Modern is just standard C++ and can target whatever platforms Visual C++ itself can target.

        Regarding DirectX, the Modern compiler can also produce a library for the DirectX family of APIs since they are also COM-based. I have not yet released those projections.

      7. Karim Jordan

        Great! Can’t wait for the XAMl Designer integration and DX support! In the meantime I will sign up on Pluralsight and start watching all your videos.

  5. romka2411

    Is there any forum related to this library? I`d like to ask some questions about writing code under this library, suppose neither this site or GitHub issues are for this stuff

  6. Andy

    It’s possible using your Modern compiller for generation wrappers from other COM library besides WinRT? (It would be nice for refactor my app for windows 7).

  7. Shane

    Kenny: I 3 voted the Dev feedback that was started to support you, hopefully that’s likely to happen soon, I’d love to see the modern.exe compiler & what sort of progress your making with the point’s you discussed earlier (XAML and so forth). I was a heavy C++/CLI dev and am thrilled to see the work you’ve done, I haven’t really taken to C++/CX even though the similarities are substantial to CLI. Would much prefer to get the sorts of advantages you’ve brought with the first beta to wider set’s of code 😉 Thanks again!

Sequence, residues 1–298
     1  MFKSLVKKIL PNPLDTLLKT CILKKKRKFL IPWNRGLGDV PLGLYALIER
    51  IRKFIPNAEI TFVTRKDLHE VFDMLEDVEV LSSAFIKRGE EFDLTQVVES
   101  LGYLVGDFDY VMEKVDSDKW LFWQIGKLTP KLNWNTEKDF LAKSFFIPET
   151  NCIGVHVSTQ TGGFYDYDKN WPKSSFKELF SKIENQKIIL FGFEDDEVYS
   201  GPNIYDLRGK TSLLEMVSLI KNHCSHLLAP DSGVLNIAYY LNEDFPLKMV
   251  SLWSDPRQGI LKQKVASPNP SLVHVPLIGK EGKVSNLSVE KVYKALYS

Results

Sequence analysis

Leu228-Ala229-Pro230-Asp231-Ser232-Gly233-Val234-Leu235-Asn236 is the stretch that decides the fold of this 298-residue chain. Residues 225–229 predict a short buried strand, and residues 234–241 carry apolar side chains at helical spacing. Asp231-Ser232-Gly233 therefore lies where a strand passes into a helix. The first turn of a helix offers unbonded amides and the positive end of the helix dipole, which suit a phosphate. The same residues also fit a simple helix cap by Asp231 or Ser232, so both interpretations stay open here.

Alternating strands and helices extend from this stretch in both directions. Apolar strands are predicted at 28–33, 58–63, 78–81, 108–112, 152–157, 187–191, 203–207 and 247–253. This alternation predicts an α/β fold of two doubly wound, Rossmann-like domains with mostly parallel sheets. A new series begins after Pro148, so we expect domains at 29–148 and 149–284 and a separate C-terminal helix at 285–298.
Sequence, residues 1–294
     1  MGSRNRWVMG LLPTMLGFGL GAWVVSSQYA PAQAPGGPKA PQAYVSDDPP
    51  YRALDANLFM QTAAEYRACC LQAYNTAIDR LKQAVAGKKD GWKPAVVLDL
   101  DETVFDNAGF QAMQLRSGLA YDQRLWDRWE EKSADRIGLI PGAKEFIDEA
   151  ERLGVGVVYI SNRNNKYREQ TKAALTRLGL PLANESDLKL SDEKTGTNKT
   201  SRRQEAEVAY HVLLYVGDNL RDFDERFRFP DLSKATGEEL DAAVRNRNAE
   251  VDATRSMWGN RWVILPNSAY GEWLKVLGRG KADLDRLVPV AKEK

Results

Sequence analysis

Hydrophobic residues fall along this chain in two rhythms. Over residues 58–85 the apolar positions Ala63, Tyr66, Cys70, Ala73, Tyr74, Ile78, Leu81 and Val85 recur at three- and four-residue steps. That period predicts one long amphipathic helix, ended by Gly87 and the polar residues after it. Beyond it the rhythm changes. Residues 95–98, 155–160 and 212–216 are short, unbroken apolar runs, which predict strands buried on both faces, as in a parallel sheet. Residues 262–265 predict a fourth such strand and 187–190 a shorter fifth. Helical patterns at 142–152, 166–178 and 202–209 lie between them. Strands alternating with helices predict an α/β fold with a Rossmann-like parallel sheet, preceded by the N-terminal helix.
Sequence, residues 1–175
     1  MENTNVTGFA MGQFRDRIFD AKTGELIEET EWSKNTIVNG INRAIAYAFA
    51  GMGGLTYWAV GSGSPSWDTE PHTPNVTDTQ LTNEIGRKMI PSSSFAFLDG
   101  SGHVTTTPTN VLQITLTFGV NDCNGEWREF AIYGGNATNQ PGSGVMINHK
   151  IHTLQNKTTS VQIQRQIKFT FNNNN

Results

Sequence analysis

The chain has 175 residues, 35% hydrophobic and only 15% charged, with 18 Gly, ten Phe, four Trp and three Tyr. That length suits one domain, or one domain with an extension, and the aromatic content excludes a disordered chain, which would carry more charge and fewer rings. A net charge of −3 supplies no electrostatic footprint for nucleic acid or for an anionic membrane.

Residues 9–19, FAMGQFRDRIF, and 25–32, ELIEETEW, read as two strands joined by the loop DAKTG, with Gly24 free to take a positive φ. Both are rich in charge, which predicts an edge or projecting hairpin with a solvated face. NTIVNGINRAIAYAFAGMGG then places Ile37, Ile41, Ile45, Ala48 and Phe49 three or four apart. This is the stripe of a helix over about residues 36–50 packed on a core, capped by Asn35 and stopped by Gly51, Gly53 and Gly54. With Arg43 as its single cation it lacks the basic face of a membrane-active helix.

8. Johann Kollmann

    Hello Kenny,

    My name is Hans Kollmann, you make a perfect work fro native developer’s. I an now for one Man excellent!!!

    Best regards Hans Kollmann from Austria.

  9. me

    Great work, Kenny, and congratulations on getting into Microsoft. I can’t wait to see your good works become officially supported and emerge in Visual Studio. I hope that happens very soon!

    On a side note from looking at the “Credits” section — it’s nice to know the names of the ONLY TEN people on Earth (now including you) who truly understand how all this stuff actually works.

  10. Arno Schoedl

    In your COM smart pointer, I believe your self-assignment checks are ineffective. The problem is that equality of pointer values is not sufficient to ensure that two COM pointers are not pointing to the same object. The only way to reliably compare COM pointers is through the identifying IUnknown, and you must do a QueryInterface to get one. In my COM smart pointer, I simply do AddRef first and Release then to avoid the problem.

    1. Kenny Kerr Post author

      The ComPtr class is not concerned with COM identity. It merely checks whether the same pointer value is being assigned to itself. A different pointer to the same COM object (e.g. different interface) is considered a different ComPtr. That being said, I can’t wait to share what I’ve been working on with all of you. There’s been a lot of good progress in many areas.

      1. Karim Jordan

        I can’t wait! Hope to see something before BUILD 2017 🙂 I still have to complete your Pluralsight courses on COM and the Windows Runtime though. Good job!